Northshore Stories

In the 1600s, French settlers called it “L’autre cote du lac,” literally, “the other side of the lake.” In more recent times, the term “Northshore” was adopted by the media, the tourist commission and most of the nearly 200,000 residents that live in St. Tammany Parish. The name “Northshore” has stuck, despite the fact that some parish natives think the term is geographically inaccurate.

Premiered July 2002

WYES-TV/Channel 12’s new documentary highlights the history and people of St. Tammany Parish. Artist and former broadcast journalist, Garland Robinette narrates.

Both the area’s natural beauty and its collection of distinctively unique towns are explored in this latest local documentary, which joins the ranks of other acclaimed programs such as GULF COAST MEMORIES, JEFFERSON PARISH STORIES, LOST RESTAURANTS OF NEW ORLEANS, and ITALIAN NEW ORLEANS.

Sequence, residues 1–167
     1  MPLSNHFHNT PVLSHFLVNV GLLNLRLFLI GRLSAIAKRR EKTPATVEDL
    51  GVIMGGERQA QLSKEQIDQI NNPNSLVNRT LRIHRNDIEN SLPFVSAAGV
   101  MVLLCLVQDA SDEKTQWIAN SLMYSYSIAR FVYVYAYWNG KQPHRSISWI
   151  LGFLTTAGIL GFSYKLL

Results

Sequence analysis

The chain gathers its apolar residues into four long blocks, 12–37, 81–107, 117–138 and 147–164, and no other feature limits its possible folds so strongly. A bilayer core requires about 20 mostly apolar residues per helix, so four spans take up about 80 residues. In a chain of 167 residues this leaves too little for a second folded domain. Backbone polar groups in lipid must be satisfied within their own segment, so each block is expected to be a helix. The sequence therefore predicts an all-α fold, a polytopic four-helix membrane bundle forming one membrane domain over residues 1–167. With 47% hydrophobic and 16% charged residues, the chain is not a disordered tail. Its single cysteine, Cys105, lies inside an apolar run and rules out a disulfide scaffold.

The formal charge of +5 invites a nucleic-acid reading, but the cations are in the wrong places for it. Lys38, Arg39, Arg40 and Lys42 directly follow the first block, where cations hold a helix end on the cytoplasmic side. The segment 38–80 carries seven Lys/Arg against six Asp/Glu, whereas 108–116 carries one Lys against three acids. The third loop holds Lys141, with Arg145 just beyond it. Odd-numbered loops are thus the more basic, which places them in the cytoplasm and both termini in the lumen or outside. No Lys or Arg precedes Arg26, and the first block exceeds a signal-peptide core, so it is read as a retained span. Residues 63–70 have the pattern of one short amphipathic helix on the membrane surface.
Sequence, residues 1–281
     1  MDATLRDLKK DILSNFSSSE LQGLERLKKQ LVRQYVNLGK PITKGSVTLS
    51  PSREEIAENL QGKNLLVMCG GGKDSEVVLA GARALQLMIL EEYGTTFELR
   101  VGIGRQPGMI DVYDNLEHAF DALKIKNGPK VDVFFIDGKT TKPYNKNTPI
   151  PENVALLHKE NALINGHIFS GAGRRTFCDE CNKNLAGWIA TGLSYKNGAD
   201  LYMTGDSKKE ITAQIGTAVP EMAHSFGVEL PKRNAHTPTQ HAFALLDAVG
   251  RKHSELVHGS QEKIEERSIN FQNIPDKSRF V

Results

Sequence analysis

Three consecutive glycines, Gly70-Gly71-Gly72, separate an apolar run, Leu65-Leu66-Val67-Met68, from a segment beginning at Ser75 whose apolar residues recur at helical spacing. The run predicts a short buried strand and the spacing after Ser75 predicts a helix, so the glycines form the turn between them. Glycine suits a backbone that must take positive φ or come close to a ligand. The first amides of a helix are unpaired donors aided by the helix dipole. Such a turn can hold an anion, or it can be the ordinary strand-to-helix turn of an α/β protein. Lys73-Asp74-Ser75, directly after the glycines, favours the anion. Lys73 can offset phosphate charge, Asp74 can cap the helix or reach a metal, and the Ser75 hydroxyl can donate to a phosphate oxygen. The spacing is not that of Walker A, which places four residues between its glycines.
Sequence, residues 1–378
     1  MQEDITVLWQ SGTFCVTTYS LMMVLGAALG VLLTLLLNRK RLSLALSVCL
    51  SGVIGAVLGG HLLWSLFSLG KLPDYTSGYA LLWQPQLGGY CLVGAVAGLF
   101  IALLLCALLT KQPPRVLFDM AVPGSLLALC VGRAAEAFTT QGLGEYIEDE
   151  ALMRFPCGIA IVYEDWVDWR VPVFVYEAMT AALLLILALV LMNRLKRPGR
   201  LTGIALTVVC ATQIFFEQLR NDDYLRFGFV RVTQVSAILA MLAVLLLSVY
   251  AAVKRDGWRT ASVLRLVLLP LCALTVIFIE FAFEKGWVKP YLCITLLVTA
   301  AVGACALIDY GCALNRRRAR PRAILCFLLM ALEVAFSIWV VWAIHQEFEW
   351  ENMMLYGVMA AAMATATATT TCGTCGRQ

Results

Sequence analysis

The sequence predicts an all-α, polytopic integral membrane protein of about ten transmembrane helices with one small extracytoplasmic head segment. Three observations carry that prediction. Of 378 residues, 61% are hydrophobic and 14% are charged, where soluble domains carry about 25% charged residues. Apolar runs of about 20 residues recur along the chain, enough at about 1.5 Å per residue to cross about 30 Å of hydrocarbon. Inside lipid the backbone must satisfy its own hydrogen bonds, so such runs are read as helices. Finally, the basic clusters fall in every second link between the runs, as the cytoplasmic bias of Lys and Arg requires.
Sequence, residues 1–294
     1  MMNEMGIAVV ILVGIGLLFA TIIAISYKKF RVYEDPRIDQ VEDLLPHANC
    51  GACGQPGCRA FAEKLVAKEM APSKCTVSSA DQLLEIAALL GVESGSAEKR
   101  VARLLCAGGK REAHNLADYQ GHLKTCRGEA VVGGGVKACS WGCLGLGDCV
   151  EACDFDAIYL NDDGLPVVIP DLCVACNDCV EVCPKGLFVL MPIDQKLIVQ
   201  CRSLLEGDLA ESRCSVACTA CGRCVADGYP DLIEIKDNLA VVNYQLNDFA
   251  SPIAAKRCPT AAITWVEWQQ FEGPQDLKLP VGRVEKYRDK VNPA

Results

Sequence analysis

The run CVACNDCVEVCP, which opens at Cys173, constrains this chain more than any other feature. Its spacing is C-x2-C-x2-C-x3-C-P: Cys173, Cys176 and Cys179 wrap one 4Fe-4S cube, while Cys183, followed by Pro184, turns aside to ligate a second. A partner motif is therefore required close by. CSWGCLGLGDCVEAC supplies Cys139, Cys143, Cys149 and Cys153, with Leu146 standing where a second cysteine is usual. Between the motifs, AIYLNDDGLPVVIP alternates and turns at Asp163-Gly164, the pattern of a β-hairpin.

Viewers will tour the towns of Slidell, Mandeville, Covington, Lacombe, Madisonville, Folsom and Abita Springs, as well as the area’s streams, rivers, bayous – and Lake Pontchartrain.

Among the topics covered in this new program are:

  • Lacombe’s French and Indian roots
  • Boat-building and brick-making – two important industries on the Northshore – as well as the more recreational Madisonville Wooden Boat Festival.
  • Covington’s oldest merchant – H. J. Smith & Sons General Store and Museum, where one of the most amazing sights is the legendary petrified rat.
  • A Creole community that is located near Slidell, between Bayou Bonfouca and Bayou Liberty – where residents still speak the Creole language.
  • Mandeville’s role as a resort town, which included dance halls, such as the African-American community’s Dew Drop Dance Hall.
  • Folsom’s history as a busy town during the thriving timber industry, that has now given way to plant nurseries and horse farms.
  • The openings of both spans of the Lake Pontchartrain Causeway, which joined the Northshore with New Orleans and the south shore.
  • Abita Springs’ reputation as a “health spa” community

Terri Landry is writer-producer of Northshore Stories. Associate producer is Dawn Raymond. The editor is Larry Roussarie, and the videographers are Paul Combel and Walter Bardell.

Funding was provided by Fleetcor Technology and the WYES Producers Circle, a group of special donors who contribute to local programming.

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